Towards a more participatory, creative & innovative social care system

Author: Cristina Villanueva (Entremayores)

The future care system’s design must be focused in the needs and preferences of the users, as well as the professionals’ and the families’, and dialogue and social participation must be promoted.

The debate on what the future care system should be like is oriented to the needs and preferences of the users, but also the professionals’ and families’. Every consulted expert agrees that there should be dialogue and social participation. That’d be the way to build a viable and sustainable model over time.

One of these experts is Alfredo Bohórquez, the former president of the Spanish Society of Geriatrics and Gerontology, who argues that the new system should be person-centered: “I am not only referring to the elderly as the users of these care services, but also to the employees and entities that provide those services. We must design with them”.

According to Bohórquez, there is a need to redesign the system we want to make it compatible with the services that already exist. In other words, it’s not about ceasing services, but about to rebuild the existing ones. Finally, Bohórquez points out a key element, which is the dialogue between civil society, public administrations and political parties.

Juan Vela, the president of Lares, an association of care homes for older people, also believes that if the purpose is to take care of the elderly and dependent people, mainly those who are going to receive the service, must support the system. “At Fundación Lares we believe that the model should put older people in the foreground, listen to them, and from there it should be integrated into the community. It is also essential that society values the dignity of care. There are two key elements: to revalue care in the environment as a basic element of social relations, and to combat ageism”, Vela says.

Vela points out that it is necessary to provide resources and support services. “Residential care homes play a very important role as reference dependency centers in the community. Ideally, people should stay in residential care homes when absolutely necessary and live at their homes until then. For this, many specialized and community supports are needed. One option is to offer them from the reference centers, which could be the residences themselves. For example, providing training to non-formal caregivers, professionals, the technical aid bank, et cetera”.

Gerontologist and founder of Biel Consulting, Stephan Biel highlights the role of the administration as “observation staff”, whose mission is to set the common criteria for these services, be it home help, day centers and residences. But, most importantly, the choice of how they want to be cared for must be left to the citizen.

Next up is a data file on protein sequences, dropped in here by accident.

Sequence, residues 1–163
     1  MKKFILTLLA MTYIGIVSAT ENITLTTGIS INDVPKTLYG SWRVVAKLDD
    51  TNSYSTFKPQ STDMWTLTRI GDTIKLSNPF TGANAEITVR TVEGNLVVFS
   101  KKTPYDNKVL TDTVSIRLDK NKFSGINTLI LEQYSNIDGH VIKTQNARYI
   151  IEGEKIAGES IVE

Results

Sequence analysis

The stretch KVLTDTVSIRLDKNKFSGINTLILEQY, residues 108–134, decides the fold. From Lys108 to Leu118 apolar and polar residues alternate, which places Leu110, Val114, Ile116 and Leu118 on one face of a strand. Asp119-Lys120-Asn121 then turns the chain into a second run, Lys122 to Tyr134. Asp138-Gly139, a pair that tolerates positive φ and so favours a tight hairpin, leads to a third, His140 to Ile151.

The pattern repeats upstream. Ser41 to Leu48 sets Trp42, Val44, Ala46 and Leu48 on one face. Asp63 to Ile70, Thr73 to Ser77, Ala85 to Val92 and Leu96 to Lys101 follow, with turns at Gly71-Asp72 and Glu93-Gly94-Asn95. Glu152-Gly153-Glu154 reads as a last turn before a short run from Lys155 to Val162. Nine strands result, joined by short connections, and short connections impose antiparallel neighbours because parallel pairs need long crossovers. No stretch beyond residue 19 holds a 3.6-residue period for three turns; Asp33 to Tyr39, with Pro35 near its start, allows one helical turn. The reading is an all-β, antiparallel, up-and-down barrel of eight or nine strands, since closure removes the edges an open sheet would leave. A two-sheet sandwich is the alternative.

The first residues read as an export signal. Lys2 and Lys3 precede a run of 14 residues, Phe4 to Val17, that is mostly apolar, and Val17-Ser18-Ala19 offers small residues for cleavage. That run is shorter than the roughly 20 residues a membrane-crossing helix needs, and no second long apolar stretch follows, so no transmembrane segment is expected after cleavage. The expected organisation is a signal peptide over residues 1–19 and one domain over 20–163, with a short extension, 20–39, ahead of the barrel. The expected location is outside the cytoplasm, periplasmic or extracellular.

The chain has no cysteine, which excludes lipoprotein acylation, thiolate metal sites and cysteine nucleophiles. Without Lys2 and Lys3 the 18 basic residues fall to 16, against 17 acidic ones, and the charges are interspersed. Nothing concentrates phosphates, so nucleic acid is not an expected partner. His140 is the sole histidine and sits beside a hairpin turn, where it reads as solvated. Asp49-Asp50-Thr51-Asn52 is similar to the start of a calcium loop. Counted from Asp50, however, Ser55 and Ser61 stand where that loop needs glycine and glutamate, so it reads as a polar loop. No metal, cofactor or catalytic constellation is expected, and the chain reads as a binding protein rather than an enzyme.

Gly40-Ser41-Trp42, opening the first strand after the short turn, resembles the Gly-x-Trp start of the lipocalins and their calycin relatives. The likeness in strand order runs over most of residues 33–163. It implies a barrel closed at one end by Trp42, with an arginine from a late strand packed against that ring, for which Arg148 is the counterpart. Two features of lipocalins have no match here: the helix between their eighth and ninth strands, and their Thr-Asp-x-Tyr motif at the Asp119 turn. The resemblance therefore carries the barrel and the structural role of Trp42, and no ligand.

Biel also makes a distinction between management and service. “Regarding management, it is essential to create a comprehensive person-centered system to encourage prevention and active and healthy aging. Regarding how to offer the service, in the first place, care has to be taken under the criteria of good practices and based on evidence, in accordance with what the elderly demand today. Now, the concept or model that we want to apply will depend on each provider, according to their vision and philosophy, depending on whether it is a public, private or non-profit entity ”. He also defends the definition of profiles such as Geriatrics Nursing in order to guarantee the balance between quality of life and quality of care.

Similarly to other experts, César Antón Beltrán, former advisor for the Government of Castilla y León in public health and social services, also puts the services’ users at the center. He points out that the main concern should be that older people feel cared for in a comprehensive way that addresses their physical health, level of dependency and functionality for daily life and their psychological state.

He details the points on which, from his perspective, the future model should be based.

  • Take advantage of the experience and knowledge acquired.
  • Innovation, taking into account the services and resources, to adapt them to new familiar and personal situations, thus achieving a comprehensive assessment of the needs that will give us the basis for good care and continuity of care.
  • The quality and professionalism in the attention and care.
  • Collaboration between public and private entities.
  • Inform and communicate with beneficiaries and their families.
  • New technologies at the service of care, as qualified instruments to facilitate accessibility for users and the tasks of caregivers.
  • For people and families who require care and do not have access to public financing resources due to economic reasons, there could be established tax treatment mechanisms that would contribute to transparency in the acquisition of their services, avoiding a negative aspect such as the parallel economy.
  • Necessary adaptations for rural areas that, as far as possible, facilitate accessibility to this population.

Read the full article in Spanish here

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